While many of the reforms are supported or already being pursued by the government, some of the more contentious proposals have been described as ”not current policy”.

These include increasing the number of unattended train stations, raising fares, introducing driver-only trains and examining the sale of the Snowy Hydro. The government has not completely ruled them out.

Releasing the report yesterday, the Premier, Barry O’Farrell, signalled that the government planned to rely heavily on the outsourcing of government services to the private sector.

”Where there is a better way of delivering a government service or program, which maintains or exceeds appropriate standards, delivers results and defends public value, I believe government is morally and economically obliged to consider it,” he said.

This is supported by the audit, which recommends increased outsourcing where the private sector and non-government organisations can deliver ”better services at lower cost and with greater innovation”.

In education, the audit finds ”ample evidence of poor management of sick leave and long-service leave entitlements”.

It suggests principals investigate sick leave in their schools ”to determine whether some individuals may be abusing their entitlement”.

It says principals should be given greater incentives to address the issue ”such as being able to keep at least some of the savings”.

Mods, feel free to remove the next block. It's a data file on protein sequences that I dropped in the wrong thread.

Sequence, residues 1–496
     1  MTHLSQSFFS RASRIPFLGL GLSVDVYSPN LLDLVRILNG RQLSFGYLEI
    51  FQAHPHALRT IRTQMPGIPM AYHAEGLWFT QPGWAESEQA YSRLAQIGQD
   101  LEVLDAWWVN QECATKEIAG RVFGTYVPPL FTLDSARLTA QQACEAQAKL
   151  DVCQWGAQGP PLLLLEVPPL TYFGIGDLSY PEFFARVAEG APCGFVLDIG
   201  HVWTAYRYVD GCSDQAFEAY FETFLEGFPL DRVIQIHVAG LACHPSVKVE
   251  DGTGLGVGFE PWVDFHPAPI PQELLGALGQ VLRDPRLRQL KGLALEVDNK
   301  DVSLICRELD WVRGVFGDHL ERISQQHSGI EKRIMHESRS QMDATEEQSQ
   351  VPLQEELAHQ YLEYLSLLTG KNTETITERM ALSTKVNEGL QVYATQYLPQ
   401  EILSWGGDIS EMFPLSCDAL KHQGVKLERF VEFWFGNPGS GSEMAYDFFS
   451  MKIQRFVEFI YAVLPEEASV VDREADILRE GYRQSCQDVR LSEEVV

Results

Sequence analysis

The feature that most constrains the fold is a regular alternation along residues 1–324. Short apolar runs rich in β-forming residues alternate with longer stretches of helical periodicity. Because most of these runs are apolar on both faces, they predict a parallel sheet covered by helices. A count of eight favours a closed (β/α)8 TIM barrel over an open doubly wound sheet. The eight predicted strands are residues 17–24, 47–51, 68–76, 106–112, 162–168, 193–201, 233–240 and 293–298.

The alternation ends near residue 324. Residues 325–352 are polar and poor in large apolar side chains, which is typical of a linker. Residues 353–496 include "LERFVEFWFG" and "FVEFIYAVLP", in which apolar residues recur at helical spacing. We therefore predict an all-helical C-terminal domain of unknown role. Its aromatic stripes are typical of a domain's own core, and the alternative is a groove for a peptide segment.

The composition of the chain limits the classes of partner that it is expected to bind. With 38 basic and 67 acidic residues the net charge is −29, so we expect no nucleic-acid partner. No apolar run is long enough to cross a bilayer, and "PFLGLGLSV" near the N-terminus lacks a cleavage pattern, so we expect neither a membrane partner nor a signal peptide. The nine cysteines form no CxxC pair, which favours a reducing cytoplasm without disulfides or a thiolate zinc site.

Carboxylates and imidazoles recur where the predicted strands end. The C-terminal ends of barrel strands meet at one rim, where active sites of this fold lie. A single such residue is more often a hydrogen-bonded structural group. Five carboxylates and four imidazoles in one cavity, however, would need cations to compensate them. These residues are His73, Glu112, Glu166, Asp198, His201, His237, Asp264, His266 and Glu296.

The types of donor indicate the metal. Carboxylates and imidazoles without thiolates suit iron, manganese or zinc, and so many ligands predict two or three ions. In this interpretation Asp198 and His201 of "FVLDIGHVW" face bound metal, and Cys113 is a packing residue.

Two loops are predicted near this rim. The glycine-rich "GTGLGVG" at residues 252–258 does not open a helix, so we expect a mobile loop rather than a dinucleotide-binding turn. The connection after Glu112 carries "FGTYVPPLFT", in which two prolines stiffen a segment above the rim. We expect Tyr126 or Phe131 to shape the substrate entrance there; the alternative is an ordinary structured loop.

The government supports the sick leave proposals and while changes to leave entitlements are ”not current policy”, it says ”arrangements will be reviewed”.

The audit raises the issue of $6.8 billion worth of ”concessions”. It highlights the exemption accorded pensioners from paying car registration, which costs $200 million a year in forgone annual revenue.

The Treasurer, Mike Baird, said due to the difficult budget position, concessions were something the government would ”have to look at very closely”.

The report delivers a harsh assessment of the electricity businesses, saying they are ”inefficient in comparison to others” and that this has contributed to prices rising more quickly in NSW than in other states.

The audit says there is a strong case for privatising the state’s electricity distribution businesses – or ”poles and wires” – which would reap about $30 billion. But the government reiterated its promise not to sell them without an electoral mandate.

The audit challenges the widely held view that NSW has been under-investing in infrastructure for years but does question whether capital spending has always been well targeted.

It presses the government to return the budget to surplus after two consecutive deficits. It calls for consistent surpluses of $500 million to $900 million to fund “general government and non-commercial infrastructure” and help decrease net debt.